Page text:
The higher rpm peaks that the 327 tends to favor naturally, and is taken into account to get the package even more power comes at a cost in many ways. Unless you got good quality parts, including the complete valve train, a numerically high rear gears, a 5 or 6 speed in a medium weight car, the cranks stroke is your friend, make it work for you.

    Here is a dyno test comparison of my 327 in RED (actually 333.3) and my 350 in GREEN (actually 362.5) SBC.

    This was in May 2020. Many of the same components where used, block, oil & oil pan, dyno/headers-exhaust-fuel- carb/spacers, same style of intake, ignition and CR of approx. 10.5, SFT cams with 520 lift. Both heads flowed almost the same, but the 327 was aluminum and the 350 is Iron, close to the same runner volume as well (205/210cc).

    My old Iron Sportsman II headed 327 made 541 HP, so that wins the HP/cube contest and peak bragging argument, but grafting it on this sheet, and looking at the averages over the run, it would loose out to the 350's lower 533.8 hp peak.

    Anyway, that's my input on the 327 vs 350 question.

    327 vs 350.jpg
     
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  6. Bandit723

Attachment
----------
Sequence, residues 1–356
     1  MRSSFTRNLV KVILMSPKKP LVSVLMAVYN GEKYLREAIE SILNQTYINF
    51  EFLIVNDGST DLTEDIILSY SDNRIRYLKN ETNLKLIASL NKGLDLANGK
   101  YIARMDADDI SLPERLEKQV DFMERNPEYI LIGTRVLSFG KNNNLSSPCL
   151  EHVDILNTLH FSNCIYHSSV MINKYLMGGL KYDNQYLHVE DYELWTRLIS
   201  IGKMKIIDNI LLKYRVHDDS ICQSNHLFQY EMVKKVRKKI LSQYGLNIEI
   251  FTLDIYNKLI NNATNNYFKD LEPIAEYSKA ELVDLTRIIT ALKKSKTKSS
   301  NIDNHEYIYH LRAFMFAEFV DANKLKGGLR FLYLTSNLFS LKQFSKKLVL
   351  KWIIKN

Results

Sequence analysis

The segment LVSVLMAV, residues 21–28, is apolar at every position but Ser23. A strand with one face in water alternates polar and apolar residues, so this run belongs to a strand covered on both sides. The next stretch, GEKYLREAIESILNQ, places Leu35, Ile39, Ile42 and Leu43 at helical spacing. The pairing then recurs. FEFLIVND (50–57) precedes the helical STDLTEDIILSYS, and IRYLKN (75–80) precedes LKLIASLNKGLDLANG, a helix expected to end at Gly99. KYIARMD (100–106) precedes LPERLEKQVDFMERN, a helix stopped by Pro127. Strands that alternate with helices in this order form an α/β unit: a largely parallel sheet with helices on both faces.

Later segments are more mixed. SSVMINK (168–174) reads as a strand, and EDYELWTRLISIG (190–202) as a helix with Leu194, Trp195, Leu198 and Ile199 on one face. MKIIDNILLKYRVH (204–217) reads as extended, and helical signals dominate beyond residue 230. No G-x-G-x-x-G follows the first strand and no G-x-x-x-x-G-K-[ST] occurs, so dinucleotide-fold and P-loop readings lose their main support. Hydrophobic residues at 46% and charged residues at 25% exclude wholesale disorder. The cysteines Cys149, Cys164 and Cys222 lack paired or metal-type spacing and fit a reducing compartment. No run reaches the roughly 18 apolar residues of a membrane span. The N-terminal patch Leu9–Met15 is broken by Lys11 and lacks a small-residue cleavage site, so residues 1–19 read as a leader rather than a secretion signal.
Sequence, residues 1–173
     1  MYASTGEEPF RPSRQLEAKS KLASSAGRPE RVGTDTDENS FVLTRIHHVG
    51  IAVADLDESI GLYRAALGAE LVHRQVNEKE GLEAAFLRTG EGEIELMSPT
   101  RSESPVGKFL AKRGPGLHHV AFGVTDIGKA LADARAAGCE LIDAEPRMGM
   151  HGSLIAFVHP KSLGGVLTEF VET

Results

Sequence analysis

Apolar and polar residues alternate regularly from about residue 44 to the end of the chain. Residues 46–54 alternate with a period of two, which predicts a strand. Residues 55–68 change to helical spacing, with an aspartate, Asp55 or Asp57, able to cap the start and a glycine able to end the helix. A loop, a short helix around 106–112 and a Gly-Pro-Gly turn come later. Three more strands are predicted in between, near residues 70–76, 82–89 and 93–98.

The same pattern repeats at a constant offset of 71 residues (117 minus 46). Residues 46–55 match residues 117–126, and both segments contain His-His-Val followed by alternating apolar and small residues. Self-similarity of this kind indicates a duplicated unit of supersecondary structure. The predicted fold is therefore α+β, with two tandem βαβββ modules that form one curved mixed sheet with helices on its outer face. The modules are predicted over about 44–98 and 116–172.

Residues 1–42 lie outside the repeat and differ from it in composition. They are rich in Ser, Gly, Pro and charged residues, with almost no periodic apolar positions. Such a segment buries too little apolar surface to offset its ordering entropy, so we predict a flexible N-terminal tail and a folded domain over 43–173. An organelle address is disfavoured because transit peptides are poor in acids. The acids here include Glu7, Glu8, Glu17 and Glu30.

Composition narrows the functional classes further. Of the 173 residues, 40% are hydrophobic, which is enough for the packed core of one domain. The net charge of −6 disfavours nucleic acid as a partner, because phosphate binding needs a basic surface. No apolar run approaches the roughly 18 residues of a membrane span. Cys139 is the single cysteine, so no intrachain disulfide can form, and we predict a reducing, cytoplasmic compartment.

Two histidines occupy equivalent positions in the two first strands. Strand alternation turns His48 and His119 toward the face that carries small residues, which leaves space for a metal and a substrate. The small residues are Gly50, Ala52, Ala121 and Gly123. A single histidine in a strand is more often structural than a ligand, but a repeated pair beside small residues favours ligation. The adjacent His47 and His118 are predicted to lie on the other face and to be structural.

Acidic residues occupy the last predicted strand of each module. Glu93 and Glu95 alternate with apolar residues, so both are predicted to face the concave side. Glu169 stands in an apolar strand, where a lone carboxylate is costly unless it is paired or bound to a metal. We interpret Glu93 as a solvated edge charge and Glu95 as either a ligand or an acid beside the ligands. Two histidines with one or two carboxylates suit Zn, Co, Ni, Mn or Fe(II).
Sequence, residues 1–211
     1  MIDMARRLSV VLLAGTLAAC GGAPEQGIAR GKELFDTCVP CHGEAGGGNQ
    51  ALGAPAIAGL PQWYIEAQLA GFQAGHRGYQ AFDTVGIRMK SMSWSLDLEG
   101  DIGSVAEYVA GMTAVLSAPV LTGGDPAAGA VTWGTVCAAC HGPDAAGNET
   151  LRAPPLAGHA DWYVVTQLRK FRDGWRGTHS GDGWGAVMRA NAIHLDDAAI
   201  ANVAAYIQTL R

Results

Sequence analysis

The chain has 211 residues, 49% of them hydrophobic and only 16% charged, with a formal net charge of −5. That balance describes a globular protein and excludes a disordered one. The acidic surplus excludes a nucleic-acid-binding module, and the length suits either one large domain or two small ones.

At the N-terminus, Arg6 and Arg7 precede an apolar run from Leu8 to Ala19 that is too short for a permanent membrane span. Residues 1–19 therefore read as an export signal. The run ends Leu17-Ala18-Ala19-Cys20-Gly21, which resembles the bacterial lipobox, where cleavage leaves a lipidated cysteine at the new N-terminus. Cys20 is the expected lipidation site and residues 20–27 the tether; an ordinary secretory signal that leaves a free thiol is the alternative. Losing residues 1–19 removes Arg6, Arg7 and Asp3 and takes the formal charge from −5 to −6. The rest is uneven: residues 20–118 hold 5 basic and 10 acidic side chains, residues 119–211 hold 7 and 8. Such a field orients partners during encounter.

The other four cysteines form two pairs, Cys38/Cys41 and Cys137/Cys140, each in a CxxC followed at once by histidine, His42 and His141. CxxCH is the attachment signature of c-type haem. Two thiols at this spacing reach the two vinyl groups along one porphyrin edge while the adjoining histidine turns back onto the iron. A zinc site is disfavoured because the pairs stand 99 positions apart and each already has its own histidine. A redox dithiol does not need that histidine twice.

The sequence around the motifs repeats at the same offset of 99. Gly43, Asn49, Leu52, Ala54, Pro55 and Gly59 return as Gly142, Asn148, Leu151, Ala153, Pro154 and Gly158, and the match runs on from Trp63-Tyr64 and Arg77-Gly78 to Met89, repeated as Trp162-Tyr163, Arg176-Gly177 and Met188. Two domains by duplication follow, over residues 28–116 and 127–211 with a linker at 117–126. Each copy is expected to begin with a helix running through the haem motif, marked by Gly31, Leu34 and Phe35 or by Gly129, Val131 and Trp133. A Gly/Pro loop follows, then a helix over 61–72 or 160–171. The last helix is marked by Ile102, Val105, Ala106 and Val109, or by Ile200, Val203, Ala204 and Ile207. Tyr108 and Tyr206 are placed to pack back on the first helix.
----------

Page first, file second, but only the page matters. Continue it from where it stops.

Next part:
Bandit723 Veteran Member

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    And i wonder why the short stroke Nascar engine runs the way they do. They can burn the snot off the tires and yet run 9K all day long. I do have to say luv the torque of stroker or a big block but rather go with a destroked engine.
     
  7. Ruthead

    Ruthead Member

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    Wow lots a good thoughts here. it actually makes sense to just build the 350 in it. Was prolly more the novelty of a 327 makin me consider it. Don't need a spare engine sittin anyways.

    Where di I find what crate motor it is? I know had a guy look firewall side back and said its a GM crate but that's all he said and I was doing something else when he looked so didn't really see where.
     
  8. G72Zed

    G72Zed Veteran Member

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    Yep, nothing like RPM with reduced piston speed, side load, and 23 psi oil pressure for 500 miles at 8-9,300 rpm. Who cares about TQ at 3-4,000 rpm, you're never there anyway, it's a waste.